Happy Pride Month, everyone!
Although considered by many as a celebration, it is important to remember that the origins of Pride began with an uprising against oppression and discrimination.
Notable Dates in Canada
What is considered Pride Month in Canada and the US, had it’s beginning in June of 1969 with the Stonewall Riots down in New York City.
Canada has its own rich history in the struggle to attain LGBTQ+ rights. Here are some notable events in Canada’s Pride history:
- May 14, 1969, Decriminalization of homosexuality
- August 28, 1971, first gay rights protest—citizens from Ottawa, Montreal, and Toronto gathered at Parliament Hill. A small group in Vancouver protested at Robson Square
- August 1, 1973, Pride Week emerges with a shift to gay liberation—celebrated in many cities including Vancouver, Toronto, Ottawa, Montreal, Saskatoon, and Winnipeg. This event was the shift from a homophile movement to the concept of gay pride
- August 1, 1981, Vancouver’s first official Pride Parade
- May 17, 1990, WHO remove homosexuality from the disorder list
- July 27, 1990, the term Two Spirit (niizh manidoowag) is coined
- July 20, 2005, Bill C-38 became federal law, which gives same-sex couples the legal right to marry
- February 8, 2010, British Columbia hosted the 2010 Winter Olympics, and for the first time, the games included the Pride House for LGBTQ+ athletes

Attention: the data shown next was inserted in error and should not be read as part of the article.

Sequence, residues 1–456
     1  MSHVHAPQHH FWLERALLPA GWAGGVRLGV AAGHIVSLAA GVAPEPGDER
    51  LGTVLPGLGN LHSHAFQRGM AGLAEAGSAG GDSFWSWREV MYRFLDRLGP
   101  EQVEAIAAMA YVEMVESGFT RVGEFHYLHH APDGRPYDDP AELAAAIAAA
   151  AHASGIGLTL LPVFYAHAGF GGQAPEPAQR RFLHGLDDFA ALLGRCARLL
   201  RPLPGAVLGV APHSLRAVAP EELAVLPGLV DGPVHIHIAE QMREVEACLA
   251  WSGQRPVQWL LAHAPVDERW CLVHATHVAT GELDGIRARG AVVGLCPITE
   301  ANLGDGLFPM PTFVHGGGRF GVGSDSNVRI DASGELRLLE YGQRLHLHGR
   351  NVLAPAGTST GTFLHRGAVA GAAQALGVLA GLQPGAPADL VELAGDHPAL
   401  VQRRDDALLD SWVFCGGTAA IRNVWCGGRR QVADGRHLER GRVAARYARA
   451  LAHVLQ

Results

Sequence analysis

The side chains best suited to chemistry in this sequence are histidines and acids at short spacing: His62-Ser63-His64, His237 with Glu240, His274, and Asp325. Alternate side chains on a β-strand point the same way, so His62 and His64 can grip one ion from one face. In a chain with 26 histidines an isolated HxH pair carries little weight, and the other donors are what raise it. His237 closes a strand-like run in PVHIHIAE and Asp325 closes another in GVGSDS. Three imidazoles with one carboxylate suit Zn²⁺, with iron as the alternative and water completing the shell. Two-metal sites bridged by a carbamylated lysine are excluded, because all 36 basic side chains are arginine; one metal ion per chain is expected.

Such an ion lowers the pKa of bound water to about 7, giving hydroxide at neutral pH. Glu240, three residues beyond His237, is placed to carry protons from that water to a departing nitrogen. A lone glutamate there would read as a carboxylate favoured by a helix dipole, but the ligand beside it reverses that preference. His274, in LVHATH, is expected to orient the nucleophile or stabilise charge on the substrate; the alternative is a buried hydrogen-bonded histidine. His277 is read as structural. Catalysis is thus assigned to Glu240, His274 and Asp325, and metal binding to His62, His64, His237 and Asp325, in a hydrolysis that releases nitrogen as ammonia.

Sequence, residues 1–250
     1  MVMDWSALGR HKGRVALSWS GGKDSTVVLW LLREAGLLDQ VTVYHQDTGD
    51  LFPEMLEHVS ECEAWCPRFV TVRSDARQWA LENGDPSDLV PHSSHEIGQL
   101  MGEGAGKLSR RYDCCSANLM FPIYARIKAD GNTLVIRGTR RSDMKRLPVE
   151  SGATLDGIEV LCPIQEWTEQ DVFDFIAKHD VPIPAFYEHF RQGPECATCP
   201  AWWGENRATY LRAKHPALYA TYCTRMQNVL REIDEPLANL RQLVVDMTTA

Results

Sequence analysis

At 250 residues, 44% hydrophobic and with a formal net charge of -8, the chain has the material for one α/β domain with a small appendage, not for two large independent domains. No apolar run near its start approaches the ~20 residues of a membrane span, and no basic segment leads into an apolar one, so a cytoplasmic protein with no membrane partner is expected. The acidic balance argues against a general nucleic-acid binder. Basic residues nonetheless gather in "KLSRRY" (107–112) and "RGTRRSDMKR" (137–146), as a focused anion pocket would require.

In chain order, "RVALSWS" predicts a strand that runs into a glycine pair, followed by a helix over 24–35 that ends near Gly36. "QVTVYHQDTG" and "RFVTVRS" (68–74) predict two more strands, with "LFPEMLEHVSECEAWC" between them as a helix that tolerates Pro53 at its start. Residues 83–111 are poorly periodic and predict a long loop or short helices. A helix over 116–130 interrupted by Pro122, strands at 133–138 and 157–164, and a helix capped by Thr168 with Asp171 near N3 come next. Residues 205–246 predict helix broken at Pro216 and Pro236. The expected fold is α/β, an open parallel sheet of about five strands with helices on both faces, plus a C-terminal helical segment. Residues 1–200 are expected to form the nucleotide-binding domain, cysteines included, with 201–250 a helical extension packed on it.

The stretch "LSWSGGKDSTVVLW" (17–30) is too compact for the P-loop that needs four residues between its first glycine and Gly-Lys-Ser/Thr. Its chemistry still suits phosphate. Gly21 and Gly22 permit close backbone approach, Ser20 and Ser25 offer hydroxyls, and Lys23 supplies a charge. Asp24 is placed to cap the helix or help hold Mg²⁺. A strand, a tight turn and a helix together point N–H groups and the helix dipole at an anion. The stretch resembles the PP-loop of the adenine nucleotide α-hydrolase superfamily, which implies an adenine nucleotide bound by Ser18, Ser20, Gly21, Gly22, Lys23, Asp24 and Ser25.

LGBTQAI2S+ Youth and Homelessness
Understanding why certain communities of youth are overrepresented in the homeless population, is an imperative first step in finding ways to best serve and support them.
Studies have shown that:
- 11% of homeless people in BC are youth (under 25 years of age)
- 25–40% of homeless youth are LGBTQAI2S+
- Family rejection is the most common cause of LGBTQAI2S+ youth homelessness
- LGBTQAI2S+ youth are much more likely to struggle with mental health concerns, including suicide
- 53% of homeless youth in BC identify as Indigenous. Of those youth, 34% identified as LGBTQAI2S+
Show Us Your Pride
Covenant House Vancouver strives to be inclusive and supportive to both staff and youth that we serve. Covenant House Vancouver’s Rainbow Advisory Committee is made up of staff members from each department in the agency. They are dedicated to ensuring that we use best practices to serve our LGBTQAI2S+ youth and that we continue to enhance our spaces, policies, procedures, and programs.
Here are a few ways to show your Pride this month:
- Learn more about the history and importance of Pride. There is a myriad of resources online, at the library, and through organizations in your community. Pflag Canada (a national charity to help family members understand and accept their LGBTQAI2S+ children) is just one example
- Converse—share your knowledge or experiences. Be an ear for someone who is reaching out
- Become an ally
- Participate in and/or celebrate Pride events. Several cities across the Lower Mainland and Fraser Valley celebrate Pride at different times throughout the summer
If you would like to show your Pride by supporting the youth that we serve, our Match Campaign is on now! Every dollar donated will be matched, thanks to the estate of Mr. Roman Babicki.
How do you celebrate Pride? Let us know on our social channels. Links are below.